Successfully reported this slideshow.
We use your LinkedIn profile and activity data to personalize ads and to show you more relevant ads. You can change your ad preferences anytime.

GPU - Basic Working

Basic Working of a GPU, and a comparison with CPU

  • Login to see the comments

GPU - Basic Working

  1. 1. By, Nived R MEC, Cochin
  2. 2. Contents Introduction Need for a GPU CPU vs GPU Components of a GPU GPU Pipeline Future Advancements Applications Conclusion
  3. 3. Introduction A dedicated parallel processor optimized for accelerating graphical computations. Like the CPU (Central Processing Unit), it is a single-chip processor.
  4. 4. Need for a GPU To provide a separate dedicated graphics resources including a graphics processor and memory. To relieve some of the burden of the main system resources.
  5. 5. Offloading compute-intensive portions of the application to the GPU
  6. 6. GPU vs CPU
  7. 7. GPU - highly parallel operation GPU has many execution units GPU has faster memory interfaces as they need to shift around a large amount of data. GPUs have much deeper pipelines GPU vs CPU CPU executes programs serially. CPU has fewer execution units
  8. 8. GPU vs CPU Architecture
  9. 9. WITHOUT GPU WITH GPU
  10. 10. Components of a GPU ❖ Graphics Processor Mainly 2 configurations: ○ Graphics coprocessor : Independent of CPU ○ Graphics accelerator: Based on Commands from CPU
  11. 11. Components of a GPU ❖ Memory: Dual ported memory ❖ Graphics BIOS ❖ Digital-to-Analog Converter (DAC) ❖ Display Connector: VGA connector ❖ Computer (Bus) Connector: AGP
  12. 12. GPU Pipeline The GPU receives geometry information from the CPU as an input and provides a picture as an output.
  13. 13. Input assembler stage This stage is the communication bridge between the CPU and the GPU. It receives commands from the CPU and also pulls geometry information from system memory. It outputs a stream of vertices in object space with all their associated information.
  14. 14. Vertex Processing The vertex-shader stage processes vertices, typically performing operations such as transformations, skinning, and lighting. A vertex shader always takes a single input vertex and produces a single output vertex.
  15. 15. Triangle Setup In this stage geometry information becomes raster information (screen space geometry is the input, pixels are the output)
  16. 16. Triangle Setup (Contd…) Prior to rasterization, triangles that are backfacing or are located outside the viewing frustum are rejected. The rasterizer clips primitives, prepares primitives for the pixel shader, and determines how to invoke pixel shaders. A pixel is generated if and only if its center is inside the triangle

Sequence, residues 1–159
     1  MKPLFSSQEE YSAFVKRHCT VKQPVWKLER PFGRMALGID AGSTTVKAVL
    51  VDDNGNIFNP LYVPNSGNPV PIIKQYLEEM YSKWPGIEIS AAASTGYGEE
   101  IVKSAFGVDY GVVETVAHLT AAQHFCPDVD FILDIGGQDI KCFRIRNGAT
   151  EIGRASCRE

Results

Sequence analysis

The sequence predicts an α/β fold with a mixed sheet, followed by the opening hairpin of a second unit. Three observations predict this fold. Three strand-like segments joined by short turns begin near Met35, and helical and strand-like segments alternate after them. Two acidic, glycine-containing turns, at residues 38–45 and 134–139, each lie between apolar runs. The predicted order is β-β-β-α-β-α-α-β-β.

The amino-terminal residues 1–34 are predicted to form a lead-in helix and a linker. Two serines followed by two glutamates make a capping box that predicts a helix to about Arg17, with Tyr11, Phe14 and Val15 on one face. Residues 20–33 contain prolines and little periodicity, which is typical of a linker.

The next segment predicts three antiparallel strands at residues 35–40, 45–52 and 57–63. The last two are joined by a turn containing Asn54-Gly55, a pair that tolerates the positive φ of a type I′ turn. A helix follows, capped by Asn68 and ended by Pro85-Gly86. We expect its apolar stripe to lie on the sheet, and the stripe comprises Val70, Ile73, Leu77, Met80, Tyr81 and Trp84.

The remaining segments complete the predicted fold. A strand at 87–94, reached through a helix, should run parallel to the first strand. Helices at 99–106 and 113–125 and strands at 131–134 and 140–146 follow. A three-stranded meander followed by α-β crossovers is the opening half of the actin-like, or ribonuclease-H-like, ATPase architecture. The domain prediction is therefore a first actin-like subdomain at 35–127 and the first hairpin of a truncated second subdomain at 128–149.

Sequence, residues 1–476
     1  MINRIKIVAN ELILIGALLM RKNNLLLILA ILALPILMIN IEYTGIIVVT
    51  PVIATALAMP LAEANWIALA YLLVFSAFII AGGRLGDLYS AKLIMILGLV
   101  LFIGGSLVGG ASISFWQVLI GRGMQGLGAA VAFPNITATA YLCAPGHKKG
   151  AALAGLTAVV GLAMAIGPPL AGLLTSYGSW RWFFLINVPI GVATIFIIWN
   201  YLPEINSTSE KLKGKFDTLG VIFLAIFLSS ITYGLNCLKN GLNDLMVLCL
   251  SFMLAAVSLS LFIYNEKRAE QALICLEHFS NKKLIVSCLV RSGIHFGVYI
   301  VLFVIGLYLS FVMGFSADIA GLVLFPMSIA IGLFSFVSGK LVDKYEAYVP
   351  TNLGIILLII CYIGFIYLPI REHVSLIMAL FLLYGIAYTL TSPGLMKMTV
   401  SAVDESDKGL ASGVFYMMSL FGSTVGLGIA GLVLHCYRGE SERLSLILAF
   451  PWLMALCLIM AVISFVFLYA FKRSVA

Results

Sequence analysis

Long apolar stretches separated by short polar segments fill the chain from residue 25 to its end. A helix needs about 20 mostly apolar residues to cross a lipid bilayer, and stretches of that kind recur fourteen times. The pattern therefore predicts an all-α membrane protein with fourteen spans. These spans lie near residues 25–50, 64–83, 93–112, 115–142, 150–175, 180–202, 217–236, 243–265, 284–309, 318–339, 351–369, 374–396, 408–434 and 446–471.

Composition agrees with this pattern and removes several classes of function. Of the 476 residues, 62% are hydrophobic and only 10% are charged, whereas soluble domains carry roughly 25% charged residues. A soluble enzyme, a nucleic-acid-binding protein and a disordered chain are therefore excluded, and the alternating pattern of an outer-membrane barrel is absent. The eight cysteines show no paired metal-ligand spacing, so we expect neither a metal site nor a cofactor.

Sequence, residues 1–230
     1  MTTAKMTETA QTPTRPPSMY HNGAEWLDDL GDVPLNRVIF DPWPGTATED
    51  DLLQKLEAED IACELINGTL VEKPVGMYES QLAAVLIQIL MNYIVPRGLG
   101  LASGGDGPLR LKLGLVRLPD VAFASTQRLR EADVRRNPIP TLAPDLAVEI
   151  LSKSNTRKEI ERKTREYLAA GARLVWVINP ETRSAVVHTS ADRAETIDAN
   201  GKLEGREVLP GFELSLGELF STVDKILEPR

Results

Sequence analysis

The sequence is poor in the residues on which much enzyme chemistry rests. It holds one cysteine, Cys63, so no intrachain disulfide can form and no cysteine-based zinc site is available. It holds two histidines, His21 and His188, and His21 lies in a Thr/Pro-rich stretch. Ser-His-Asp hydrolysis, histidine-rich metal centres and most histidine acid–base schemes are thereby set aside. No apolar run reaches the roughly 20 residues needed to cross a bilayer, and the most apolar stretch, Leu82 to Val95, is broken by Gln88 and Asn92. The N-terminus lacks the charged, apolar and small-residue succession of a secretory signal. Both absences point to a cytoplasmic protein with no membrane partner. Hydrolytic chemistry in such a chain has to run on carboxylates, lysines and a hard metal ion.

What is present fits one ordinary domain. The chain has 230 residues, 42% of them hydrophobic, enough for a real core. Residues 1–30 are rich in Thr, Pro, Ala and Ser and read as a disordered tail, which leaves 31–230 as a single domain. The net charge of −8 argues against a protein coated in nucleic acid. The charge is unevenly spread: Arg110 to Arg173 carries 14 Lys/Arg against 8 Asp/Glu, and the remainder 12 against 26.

17. 17. Pixel Processing Each pixel provided by triangle setup is fed into pixel processing as a set of attributes which are used to compute the final color for this pixel The computations taking place here include texture mapping and math operations
  18. 18. Output Merger Stage The output-merger stage combines various types of output data (pixel shader values, depth and stencil information) to generate the final pipeline result.
  19. 19. Programmability in GPU Pipeline In current state of the art GPUs, vertex and pixel processing are now programmable The programmer can write programs that are executed for every vertex as well as for every pixel This allows fully customizable geometry and shading effects that go well beyond the generic look and feel of older 3D applications
  20. 20. Looking Forward Bigger and faster (more cores, more FLOPS) – 2 TFLOPs today, and counting Addition of (select) CPU-like features – More traditional caches Tight integration with CPUs (CPU+GPU hybrids). Completely programmable hardware.
  21. 21. Applications
  22. 22. Shading Structures
  23. 23. Global Illumination
  24. 24. Conclusion ● Graphics Processing Unit is not a wonder that this piece of hardware is often referred to as an exotic product as far as computer peripherals are concerned. ● By observing the current pace at which work is going on in developing GPUs we can surely come to a conclusion that we will be able to see better and faster GPUs in the near future.

×